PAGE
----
## Thursday, June 21, 2012

### Work-Cost of Activities

Inspired by a quote on Dave Ramsey, and a comment by my wife, I thought I would add a little bit to the post on the cost of gas to get somewhere and the money it costs to accomplish various tasks.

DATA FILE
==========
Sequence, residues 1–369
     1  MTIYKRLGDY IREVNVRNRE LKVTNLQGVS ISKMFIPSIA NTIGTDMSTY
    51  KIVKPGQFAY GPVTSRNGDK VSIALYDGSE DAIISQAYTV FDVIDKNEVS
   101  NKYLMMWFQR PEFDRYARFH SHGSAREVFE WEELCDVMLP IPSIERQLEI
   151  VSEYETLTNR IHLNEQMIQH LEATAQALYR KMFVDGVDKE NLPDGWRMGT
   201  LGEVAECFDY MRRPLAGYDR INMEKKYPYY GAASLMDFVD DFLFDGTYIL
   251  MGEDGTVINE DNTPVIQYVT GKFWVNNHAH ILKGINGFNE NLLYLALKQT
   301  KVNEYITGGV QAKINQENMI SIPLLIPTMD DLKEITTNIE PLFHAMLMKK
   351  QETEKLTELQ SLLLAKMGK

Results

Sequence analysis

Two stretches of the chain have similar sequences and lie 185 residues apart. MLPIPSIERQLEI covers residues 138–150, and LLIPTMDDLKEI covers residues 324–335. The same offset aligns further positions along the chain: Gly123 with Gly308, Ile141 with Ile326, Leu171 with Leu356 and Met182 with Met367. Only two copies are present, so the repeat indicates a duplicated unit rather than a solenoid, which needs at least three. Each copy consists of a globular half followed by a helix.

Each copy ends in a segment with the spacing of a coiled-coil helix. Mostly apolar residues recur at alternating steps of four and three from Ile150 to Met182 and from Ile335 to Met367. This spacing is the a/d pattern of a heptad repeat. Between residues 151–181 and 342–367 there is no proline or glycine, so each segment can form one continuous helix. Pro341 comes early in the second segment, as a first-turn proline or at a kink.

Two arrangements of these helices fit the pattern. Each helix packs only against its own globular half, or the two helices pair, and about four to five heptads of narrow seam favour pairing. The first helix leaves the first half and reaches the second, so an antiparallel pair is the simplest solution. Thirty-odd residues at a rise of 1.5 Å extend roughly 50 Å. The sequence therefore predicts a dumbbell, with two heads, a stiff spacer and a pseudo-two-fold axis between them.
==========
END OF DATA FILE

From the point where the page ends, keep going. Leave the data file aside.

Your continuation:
So you'd need to make $10 working in GR to make the trip break even. That's why I didn't like summers working at FCS where I'd be scheduled for 2-3 hours and make$20. Half of my paycheck would be going toward gas!